Honey a Seal Mink Mitted Ragdoll cat at 5 months and one year loved by Debra collage
Honey, a Seal Mink Mitted Ragdoll cat at 5 months and one year, loved by Debra

Tortie Point

Wondering about what tortie point means? The word “tortie” comes from tortoise shells. Tortie points are found in the form of mottled or flickered points, rather than solid ones. This coloration is also observed with tortoise shells, and that’s how these spots got the name of tortie points.

12 weeks old to 3 years old Chloe a mitted blue color point with blue eyes loved by Erica Litchfield photo collage
12 weeks old to 3 years old! Chloe, a mitted blue color point with blue eyes loved by Erica Litchfield

Cream Point

Any cat with any albinism sensitivity to temperature is referred to as a cream point cat. Cream colorpoint cats have darker extremities, while the rest of the body stays a warm cream color. Click here if you are interested in learning more about cream point cats.

Cinnamon Points

Most cat lovers mistakenly confuse cinnamon point cats with chocolate point cats. Cinnamon point cats are characterized by having rusty-brown and warm-colored color points. This unique coloration is due to the specific alleles that cinnamon point cats inherit from their parents.

color pointed cats collage as baby and adult Hunter a Blue Mitted Ragdoll cat at 8 months and two years two mont

Fawn Point

The fawn point is a lighter version of cinnamon colorpoint cats, that almost looks like rose gold. Colorpoint cats with a paler version of cinnamon points at their extremities, such as nose, paws, tails, etc., are called Fawn point cats, and they can exhibit a range of pink tones.

Chocolate point

The rarest type of colorpoint cats is the chocolate point Ragdoll. They have warm milk chocolate-colored noses, paws, tails, ears, and faces. In contrast, all chocolate point cats have light brown coats. This gives chocolate point cats a look that is similar to seal point Siamese cats. A simple method to differentiate the two is by looking at the paws. Chocolate point cats have pinkish toes, while seal point cats have dark brown toes. 

color point cat Hugo Blue Lynx Bicolor collage photo laying in the same bowl as baby and adult owned by Tonia
Hugo Blue Lynx Bicolor owned by Tonia

Lilac point

Lilac Ragdoll cats are known to possess white coats and light greyish-colored color points. Lilac point cats are one of the most famous cats when it comes to colorpoint cats because of their beauty, which contributes to their price range. Because they start out as white kittens, it is a very noticeable change of color over time.

12 weeks old to 3 years old Thumper a mitted blue color point with blue eyes and a small blaze loved by Erica Litchfield
12 weeks old to 3 years old! Thumper, a mitted blue color point with blue eyes and a small blaze loved by Erica Litchfield

Flame Point

Flame point cats (also known as redpoint cats) are characterized by having orange points on their extremities that give them a very distinct look, especially compared to their base color, which is a brighter apricot shade compared to other cats.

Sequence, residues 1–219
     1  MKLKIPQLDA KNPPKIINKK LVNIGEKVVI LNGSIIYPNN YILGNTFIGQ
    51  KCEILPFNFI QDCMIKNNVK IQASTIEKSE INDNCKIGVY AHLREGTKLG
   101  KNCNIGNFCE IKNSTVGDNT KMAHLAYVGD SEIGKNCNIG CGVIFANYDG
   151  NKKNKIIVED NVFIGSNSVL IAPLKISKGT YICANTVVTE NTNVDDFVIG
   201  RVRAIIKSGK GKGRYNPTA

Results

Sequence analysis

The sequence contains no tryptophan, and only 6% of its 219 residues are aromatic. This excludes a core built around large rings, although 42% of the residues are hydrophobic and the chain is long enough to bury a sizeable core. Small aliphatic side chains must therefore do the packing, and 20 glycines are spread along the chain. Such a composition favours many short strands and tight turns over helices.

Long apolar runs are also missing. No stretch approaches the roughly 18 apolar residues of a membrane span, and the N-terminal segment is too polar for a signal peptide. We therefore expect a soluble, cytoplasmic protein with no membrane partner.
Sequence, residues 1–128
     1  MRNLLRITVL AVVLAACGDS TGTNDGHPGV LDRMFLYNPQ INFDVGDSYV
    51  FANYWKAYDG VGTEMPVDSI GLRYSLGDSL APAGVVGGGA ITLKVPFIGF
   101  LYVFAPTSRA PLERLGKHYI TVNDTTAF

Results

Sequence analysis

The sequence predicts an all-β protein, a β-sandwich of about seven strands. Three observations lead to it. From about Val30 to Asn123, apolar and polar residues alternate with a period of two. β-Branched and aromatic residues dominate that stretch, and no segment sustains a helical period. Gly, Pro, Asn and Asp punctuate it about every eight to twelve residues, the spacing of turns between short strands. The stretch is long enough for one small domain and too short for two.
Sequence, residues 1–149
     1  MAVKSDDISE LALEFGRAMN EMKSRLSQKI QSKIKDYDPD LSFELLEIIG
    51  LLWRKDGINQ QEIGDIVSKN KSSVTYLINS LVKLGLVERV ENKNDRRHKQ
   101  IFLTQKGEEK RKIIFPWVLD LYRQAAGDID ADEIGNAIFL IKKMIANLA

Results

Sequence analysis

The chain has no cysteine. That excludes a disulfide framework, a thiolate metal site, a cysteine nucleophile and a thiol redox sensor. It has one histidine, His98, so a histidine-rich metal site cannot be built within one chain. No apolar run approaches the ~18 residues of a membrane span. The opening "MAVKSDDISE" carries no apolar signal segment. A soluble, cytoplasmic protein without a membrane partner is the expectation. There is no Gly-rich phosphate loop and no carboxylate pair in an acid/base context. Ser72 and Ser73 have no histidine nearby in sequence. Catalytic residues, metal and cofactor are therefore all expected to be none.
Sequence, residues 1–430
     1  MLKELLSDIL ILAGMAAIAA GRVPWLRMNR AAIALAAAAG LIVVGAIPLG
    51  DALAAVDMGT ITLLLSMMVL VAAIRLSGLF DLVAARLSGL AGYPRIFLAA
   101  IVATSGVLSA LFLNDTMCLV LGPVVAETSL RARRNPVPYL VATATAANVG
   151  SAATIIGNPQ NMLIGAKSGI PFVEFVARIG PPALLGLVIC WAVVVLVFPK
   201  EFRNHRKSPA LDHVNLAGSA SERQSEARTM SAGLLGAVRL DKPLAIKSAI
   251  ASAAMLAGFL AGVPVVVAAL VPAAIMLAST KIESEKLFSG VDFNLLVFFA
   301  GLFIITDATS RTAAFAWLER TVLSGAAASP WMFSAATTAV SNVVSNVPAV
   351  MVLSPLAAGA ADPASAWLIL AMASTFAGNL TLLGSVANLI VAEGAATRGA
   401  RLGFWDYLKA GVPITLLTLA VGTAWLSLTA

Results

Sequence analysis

Ragdoll Cat Blue Mitted Lynx Mink Napa at 5 months and 4 years old collage as baby and adult cat
Napa at 5 months and 4 years old. He’s a Blue Mitted Lynx Mink. Loved by Lynn

Chocolate Tortie

Can’t differentiate between a tortie cat and a chocolate tortie cat? Well, no need to worry! A regular tortie cat can have all kinds of flecked color points. Meanwhile, cats that only have chocolate flecked points have the honor to be called chocolate tortie cats.

Blue point

color pointed cats seal transitions Fiyero blue point mitted with a blaze loved by Cynthia
Fiyero, blue point mitted with a blaze, loved by Cynthia

Colorpoint cats with dark grey color points are classified as blue point cats. A blue Ragdoll cat has a dark grey nose, ears, tails, paws, and feet. This adds a certain elegance to cats, and that’s why blue point Ragdoll cats are so sought after by cat lovers all around the globe.

Colorpoint Cat Breeds

Leo a Blue Mitted Ragdoll cat loved by Joel and Tammy fur changes as kitten and adult
Leo, a Blue Mitted Ragdoll cat, loved by Joel and Tammy

Leo at 4 months and 2 years

Many cats are classified as colorpoint cats, not only the Ragdoll breed. Different cat breeds exhibit different color point patterns, so we have a short account of all the colorpoint cat breeds, to help you find the perfect cat for your family.

American Shorthair Cat

Colorpoint American Shorthair is a mix of Siamese and American shorthair breeds. This beautiful mix results in a cat with color points resembling that of Siamese cats, but with shorter fur and more muscular bodies. Colorpoint American Shorthair cats can have tortie points or even tabby markings, which aren’t usually present in Siamese cats.

Siamese Cats

The Siamese cat breed is the most famous amongst all the colorpoint cat breeds. These cats are well known for their playful, energetic personalities and unique vocals. But what sets them apart from all other cat breeds is their color points. They have highly defined color points that come in many color groups.

Ragdoll cat Seal Mink Mitted Pickles loved by Virginia color pointed cats
Ragdoll cat Seal Mink Mitted Pickles loved by Virginia

Colorpoint Shorthair Cats

Not a fan of the American shorthair breed? Well, no need to worry, as there are many other shorthair colorpoint cat breeds. Most of these breeds originate by mixing Siamese cats with other shorthair cats. As a result of this thorough mixing, you can find shorthair colorpoint cats in 16 different color pairs

Snowshoe Cats

The Snowshoe cat breed is another color point cat breed recognized by the Cat Fanciers’ Association (CFA). 

The Snowshoe cat breed is another colorpoint cat breed recognized by the Cat Fanciers Association (CFA). The Snowshoe breed is also a result of mixing Siamese cats with other cat breeds. This is why Snowshoe cats can have different sets of color points. Common color points that are associated with snowshoe cats are: 

  • Lilac
  • Seal
  • Blue
  • Chocolate
  • Grey
Ragdoll Cat Seal Point Bicolor Kitten to Adult seal transitions
Lisa’s girl Abby Seal point bicolor 3.5 months and 8.5 months.

Birman Cats

Birman cat breed is a trendy colorpoint shorthair breed amongst lovers of color-pointed cats. The biggest reason for the immense popularity of this fantastic cat breed is the sheer number of color points it has. 

Due to the diligent work of some adventurous breeders, Birman cats can be found having ten different types of color points, namely: